Canadian Oil Sands issues 'Declaration of Independence' as takeover rhetoric heats up

CALGARY -- The hostile takeover battle between oilsands giant Suncor Energy and its target, Canadian Oil Sands, could be resolved soon, with both companies revving up their rhetoric ahead of a Friday deadline.

See Full Article

Suncor said Monday that it will move on to other opportunities if, by Friday evening, it does not receive "substantial support" for its $4.3-billion, all-stock offer.

Meanwhile, COS issued what it called a "declaration of independence," reiterating its view that shareholders are better off in the long run if the company continues on in its current form, despite continued weakness in crude prices.

Both companies are partners in the Syncrude oilsands mine north of Fort McMurray, Alta., -- COS with 37 per cent and Suncor with 12 per cent.

COS's main asset is its Syncrude stake, whereas Suncor (TSX:SU) is one of Canada's biggest energy names, with vast operations in the oilsands and a host of other refining and offshore holdings.

Because COS (TSX:COS) is so focused, it's more exposed than most to swings in crude prices -- both on the downside and the upside.

"You invested in Canadian Oil Sands for a pure-play exposure to oil prices and you have held your investment through unprecedented hard times in the energy sector," board chairman Don Lowry said in the public letter to shareholders, which also appeared in full-page newspaper ads.

"Now is the time to secure the future benefits of an independent Canadian Oil Sands."

COS's management and board of directors have slammed the Suncor offer as too low and opportunistic and accused it of fear mongering. Suncor needs at least two-thirds support from COS shareholders for the bid to go through.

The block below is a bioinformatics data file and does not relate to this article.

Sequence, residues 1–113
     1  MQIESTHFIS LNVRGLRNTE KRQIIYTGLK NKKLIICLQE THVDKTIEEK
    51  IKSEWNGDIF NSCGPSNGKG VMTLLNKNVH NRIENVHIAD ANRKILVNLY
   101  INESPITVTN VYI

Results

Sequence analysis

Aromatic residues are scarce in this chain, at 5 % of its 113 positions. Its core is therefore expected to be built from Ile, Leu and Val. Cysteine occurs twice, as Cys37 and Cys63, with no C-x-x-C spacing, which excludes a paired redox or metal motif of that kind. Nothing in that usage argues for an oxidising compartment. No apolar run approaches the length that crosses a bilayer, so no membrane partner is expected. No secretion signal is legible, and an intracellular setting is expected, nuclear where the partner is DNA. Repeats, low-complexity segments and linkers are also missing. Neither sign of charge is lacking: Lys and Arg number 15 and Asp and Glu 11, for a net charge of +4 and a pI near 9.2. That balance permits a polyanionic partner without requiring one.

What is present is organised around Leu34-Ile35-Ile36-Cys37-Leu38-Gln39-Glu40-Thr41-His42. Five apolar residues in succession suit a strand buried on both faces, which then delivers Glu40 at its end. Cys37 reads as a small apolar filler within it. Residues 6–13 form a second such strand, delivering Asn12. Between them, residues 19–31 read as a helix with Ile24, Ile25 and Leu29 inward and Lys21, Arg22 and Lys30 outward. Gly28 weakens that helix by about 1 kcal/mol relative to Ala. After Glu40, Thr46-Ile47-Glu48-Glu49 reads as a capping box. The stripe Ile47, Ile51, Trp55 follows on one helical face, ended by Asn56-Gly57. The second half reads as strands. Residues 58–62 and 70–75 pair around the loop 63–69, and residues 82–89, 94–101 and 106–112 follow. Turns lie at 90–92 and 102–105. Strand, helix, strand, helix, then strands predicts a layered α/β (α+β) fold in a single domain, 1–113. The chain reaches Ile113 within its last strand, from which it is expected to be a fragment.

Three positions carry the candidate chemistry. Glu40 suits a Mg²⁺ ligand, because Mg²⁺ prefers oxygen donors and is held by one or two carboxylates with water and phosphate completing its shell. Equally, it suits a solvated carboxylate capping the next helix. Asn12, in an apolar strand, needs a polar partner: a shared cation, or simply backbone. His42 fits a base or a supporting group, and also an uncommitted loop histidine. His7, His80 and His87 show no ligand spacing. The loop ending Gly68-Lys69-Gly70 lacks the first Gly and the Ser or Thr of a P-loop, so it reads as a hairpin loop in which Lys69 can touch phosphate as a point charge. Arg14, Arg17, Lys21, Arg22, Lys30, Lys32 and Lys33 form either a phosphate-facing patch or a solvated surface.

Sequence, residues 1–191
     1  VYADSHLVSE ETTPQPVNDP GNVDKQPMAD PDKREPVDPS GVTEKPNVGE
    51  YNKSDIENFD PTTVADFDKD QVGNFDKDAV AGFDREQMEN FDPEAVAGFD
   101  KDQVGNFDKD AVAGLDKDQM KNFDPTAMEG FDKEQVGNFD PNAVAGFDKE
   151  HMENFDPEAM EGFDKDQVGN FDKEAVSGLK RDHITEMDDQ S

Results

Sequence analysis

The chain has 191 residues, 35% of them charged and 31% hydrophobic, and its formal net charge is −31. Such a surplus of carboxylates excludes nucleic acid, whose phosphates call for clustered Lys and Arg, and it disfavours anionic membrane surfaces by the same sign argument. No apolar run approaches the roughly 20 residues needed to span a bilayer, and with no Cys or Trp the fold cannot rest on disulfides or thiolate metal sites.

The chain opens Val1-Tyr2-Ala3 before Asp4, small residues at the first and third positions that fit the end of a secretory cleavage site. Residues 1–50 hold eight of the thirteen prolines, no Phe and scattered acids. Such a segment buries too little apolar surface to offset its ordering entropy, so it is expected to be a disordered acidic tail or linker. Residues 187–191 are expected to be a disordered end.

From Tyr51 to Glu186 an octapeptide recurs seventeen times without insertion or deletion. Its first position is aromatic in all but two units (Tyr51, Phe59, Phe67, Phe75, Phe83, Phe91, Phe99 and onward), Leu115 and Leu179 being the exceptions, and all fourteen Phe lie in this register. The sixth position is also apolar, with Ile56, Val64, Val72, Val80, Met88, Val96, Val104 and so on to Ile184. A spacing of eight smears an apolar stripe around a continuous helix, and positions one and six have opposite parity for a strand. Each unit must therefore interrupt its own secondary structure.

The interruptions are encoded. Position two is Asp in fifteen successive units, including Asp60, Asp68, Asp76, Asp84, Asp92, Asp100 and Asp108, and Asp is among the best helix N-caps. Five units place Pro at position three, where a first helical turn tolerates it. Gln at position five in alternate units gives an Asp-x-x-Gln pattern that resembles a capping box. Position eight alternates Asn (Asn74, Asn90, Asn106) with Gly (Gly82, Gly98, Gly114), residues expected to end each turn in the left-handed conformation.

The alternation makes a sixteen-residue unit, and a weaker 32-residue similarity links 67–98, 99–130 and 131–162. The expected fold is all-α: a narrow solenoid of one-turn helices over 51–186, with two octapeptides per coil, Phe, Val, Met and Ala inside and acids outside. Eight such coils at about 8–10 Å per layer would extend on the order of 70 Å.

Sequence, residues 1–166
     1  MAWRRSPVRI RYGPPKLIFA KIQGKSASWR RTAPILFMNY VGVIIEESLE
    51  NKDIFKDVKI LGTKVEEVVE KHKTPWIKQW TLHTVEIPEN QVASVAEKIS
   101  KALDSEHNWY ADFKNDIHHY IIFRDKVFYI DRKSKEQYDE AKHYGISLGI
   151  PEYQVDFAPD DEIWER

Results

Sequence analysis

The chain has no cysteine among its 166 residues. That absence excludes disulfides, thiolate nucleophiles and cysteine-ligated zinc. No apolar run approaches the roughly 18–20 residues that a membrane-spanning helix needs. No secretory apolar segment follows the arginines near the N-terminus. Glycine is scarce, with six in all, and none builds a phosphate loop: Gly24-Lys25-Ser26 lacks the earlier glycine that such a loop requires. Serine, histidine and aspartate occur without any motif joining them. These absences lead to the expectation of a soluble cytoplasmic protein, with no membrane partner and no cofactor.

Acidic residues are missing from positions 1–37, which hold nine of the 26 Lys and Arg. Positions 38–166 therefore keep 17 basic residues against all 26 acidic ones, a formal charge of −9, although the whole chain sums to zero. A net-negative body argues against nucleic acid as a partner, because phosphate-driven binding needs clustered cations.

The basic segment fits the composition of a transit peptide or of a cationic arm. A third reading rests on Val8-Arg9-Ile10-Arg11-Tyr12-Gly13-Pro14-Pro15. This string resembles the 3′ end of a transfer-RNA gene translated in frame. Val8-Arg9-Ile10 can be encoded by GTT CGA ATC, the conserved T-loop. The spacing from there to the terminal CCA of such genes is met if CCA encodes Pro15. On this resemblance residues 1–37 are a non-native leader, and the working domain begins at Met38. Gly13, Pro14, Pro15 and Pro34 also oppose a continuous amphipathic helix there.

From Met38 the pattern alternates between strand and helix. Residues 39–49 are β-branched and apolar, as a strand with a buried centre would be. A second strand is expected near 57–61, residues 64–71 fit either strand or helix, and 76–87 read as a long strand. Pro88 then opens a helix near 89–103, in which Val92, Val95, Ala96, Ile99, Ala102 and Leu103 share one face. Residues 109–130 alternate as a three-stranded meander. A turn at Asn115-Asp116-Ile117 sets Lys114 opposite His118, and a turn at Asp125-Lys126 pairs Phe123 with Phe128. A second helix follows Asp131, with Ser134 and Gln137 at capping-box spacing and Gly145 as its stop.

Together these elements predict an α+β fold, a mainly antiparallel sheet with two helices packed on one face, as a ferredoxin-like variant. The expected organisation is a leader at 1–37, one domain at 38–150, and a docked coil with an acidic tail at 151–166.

In an interview, Suncor CEO Steve Williams said in order to justify keeping up the pursuit, Friday's tender results would need to be "close enough that I have a high degree of confidence the deal will close."

He said the prospects of a sweetened offer are "very low," noting ongoing operational glitches at Syncrude and a deterioration in crude prices since Suncor first took its offer to straight to shareholders in October -- from close to US$50 a barrel then to below US$40 a barrel now.

"If we were going to be making the bid today, it would not be at this level," Williams said.

And although Suncor has been expending a lot of time and effort chasing COS, it has a team screening a wide array of other potential deals, Williams said.

And if Suncor does end up walking away from its offer, the two companies would still have to work together at the Syncrude boardroom table.

"This is not personal. This is a business transaction. I certainly think it will make it a little bit more testing, but as far as Suncor is concerned, we've tried to keep this friendly," said Williams.

"Unfortunately, Canadian Oil Sands didn't want a friendly arrangement. Every time we've been doing anything, we've been requesting Canadian Oil Sands to call us. They've not returned any of those calls. But there's certainly not been any animosity on Suncor's part. . . . We're trying to do the best for Canadian Oil Sands shareholders and Suncor shareholders."



Advertisements

Latest Economic News

  • 2 more leaks found along Dakota Access pipeline

    Economic CTV News
    BISMARCK, N.D. -- The Dakota Access pipeline system leaked more than 100 gallons of oil in North Dakota in two separate incidents in March -- the second and third known leaks discovered as crews prepared the disputed $3.8 billion pipeline for operation. Source
  • Philippe Couillard says Quebec needs to take care of Bombardier

    Economic CTV News